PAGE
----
Archive for October, 2010

Thursday, 21st October 2010

Dollar Cost Averaging

Written by George Traganidas Topics: Stock Investing, Wealth Building

A lot of people are trying to time the market, but very few are able to do it consistently. The old advice of buy low and sell high is not that easy to implement and many people end up doing the exact opposite. An easy way to invest in the stock market is dollar-cost averaging. Here is a helpful post from fool.com that explain how it works:

Let’s begin with a definition. Dollar-cost averaging is a fancy term for periodic investments of fixed sums of money. Simply put, dollar-cost averaging involves investing a set amount of cash ($100, $500, $1,000) at regular intervals (monthly, quarterly, yearly) into a stock, a group of stocks or a fund. The key to its success is consistency. Investing the same amount each time on a set schedule can really help grow your portfolio over time.[…]

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Thursday, 21st October 2010

Enterprise Value

Written by George Traganidas Topics: Stock Investing, Wealth Building

When you are evaluating a company you need many tools that will help you to look at the company in different ways. One such tool is enterprise value. Here is a very good article from fool.com that explains what it is:

When trying to determine the value for a given company, a metric that many investors use religiously is market capitalization, better known by the shortened, slightly sassier term “market cap.” It’s simple enough to figure out — all you do is multiply the company’s shares outstanding by its current share price.[…]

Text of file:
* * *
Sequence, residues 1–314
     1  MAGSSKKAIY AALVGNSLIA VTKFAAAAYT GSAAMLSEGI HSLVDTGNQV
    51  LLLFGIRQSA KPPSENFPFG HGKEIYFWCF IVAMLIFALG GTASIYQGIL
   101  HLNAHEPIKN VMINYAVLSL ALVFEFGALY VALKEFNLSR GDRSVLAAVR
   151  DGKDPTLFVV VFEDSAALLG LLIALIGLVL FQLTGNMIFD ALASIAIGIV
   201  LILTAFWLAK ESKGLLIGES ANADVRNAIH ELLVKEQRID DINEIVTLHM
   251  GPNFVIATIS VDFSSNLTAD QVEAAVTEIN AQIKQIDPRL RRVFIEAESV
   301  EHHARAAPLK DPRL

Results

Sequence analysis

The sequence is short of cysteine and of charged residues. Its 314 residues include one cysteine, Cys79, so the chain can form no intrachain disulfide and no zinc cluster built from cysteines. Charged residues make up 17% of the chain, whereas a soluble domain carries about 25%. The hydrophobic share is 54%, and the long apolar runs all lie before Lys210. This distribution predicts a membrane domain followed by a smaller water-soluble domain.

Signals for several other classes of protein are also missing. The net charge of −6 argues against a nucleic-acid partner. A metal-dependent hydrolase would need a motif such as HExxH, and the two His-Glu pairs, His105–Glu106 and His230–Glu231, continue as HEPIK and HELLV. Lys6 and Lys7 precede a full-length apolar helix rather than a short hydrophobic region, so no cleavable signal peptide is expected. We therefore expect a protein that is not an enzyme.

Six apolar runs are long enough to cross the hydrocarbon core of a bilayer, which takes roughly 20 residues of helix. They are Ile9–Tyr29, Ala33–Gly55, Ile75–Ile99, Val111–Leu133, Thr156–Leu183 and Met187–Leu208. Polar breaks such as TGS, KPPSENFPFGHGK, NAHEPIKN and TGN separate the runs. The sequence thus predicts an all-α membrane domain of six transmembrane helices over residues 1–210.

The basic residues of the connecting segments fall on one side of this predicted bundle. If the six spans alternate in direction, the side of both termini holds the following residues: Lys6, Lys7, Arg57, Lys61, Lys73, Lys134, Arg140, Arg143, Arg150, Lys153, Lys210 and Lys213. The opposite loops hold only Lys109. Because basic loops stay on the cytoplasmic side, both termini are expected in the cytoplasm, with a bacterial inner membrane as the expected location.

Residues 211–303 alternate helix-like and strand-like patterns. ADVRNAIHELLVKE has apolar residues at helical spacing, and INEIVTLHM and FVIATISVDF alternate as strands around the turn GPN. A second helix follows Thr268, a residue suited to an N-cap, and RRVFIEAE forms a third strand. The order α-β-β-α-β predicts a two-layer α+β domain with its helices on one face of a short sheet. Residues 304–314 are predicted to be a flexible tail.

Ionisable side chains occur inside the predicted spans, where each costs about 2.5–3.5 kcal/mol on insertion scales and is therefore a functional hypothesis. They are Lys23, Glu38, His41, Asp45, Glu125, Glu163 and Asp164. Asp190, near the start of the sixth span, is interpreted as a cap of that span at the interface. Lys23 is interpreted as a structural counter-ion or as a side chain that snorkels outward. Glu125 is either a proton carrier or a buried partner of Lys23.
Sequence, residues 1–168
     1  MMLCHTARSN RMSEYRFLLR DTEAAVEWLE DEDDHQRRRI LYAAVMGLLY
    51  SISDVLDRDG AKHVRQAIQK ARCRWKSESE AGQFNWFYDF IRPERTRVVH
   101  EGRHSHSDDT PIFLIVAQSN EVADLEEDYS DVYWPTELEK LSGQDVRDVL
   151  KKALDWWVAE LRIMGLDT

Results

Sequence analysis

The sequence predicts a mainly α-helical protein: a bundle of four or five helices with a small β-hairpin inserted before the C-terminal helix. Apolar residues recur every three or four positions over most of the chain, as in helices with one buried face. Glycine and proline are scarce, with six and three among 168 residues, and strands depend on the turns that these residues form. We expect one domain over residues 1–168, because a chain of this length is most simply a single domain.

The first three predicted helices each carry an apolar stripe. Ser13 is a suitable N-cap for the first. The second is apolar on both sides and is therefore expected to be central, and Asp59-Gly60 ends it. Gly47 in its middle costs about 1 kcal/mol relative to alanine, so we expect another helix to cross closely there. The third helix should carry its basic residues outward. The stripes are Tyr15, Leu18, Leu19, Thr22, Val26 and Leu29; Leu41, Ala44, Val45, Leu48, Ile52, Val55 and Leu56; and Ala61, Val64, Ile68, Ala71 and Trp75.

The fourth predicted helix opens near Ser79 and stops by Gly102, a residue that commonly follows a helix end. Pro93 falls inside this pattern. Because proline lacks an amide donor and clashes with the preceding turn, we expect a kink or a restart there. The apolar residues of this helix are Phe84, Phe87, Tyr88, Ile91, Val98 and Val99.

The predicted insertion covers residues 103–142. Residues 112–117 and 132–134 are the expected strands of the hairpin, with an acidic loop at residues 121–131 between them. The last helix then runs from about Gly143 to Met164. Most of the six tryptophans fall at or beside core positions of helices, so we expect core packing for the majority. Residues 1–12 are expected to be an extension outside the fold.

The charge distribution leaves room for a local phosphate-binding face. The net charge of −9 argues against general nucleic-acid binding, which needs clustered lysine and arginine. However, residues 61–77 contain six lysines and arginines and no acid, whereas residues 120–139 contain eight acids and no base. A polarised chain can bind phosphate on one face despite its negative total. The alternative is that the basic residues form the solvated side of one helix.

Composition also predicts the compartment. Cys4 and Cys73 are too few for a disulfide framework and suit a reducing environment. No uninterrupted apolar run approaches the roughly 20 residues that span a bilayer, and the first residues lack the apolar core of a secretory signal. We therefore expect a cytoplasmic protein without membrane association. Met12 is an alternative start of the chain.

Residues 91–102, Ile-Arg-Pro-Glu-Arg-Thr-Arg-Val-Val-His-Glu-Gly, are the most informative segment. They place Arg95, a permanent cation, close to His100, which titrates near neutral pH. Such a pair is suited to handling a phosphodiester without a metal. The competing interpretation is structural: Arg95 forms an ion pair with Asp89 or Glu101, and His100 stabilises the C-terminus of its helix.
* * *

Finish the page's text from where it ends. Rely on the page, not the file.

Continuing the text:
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Monday, 4th October 2010

The Art of Stock Valuation, part 1

Written by George Traganidas Topics: Stock Investing, Wealth Building

When you are looking to invest your money in the stock market you need to go through thousands of companies and decide which ones will prosper in the future and which ones will not. The way to decide which ones will prosper is more of an art than it is science. Unfortunately, there is no secret formula for this although many people have tried unsuccessfully to create one that will work over the years. Many of these theories have been created based on mathematical models and all of them failed in due course.

This series of posts will look at people who have been successful at picking prosperous businesses over the years and will try to reverse engineer their successful approach. We will look at both quantitative and qualitative measures that can be used to evaluate companies. The data available for each of these companies is so vast that we need to sort through it, ignoring the noise and concentrate on the key metrics that really matter.[…]

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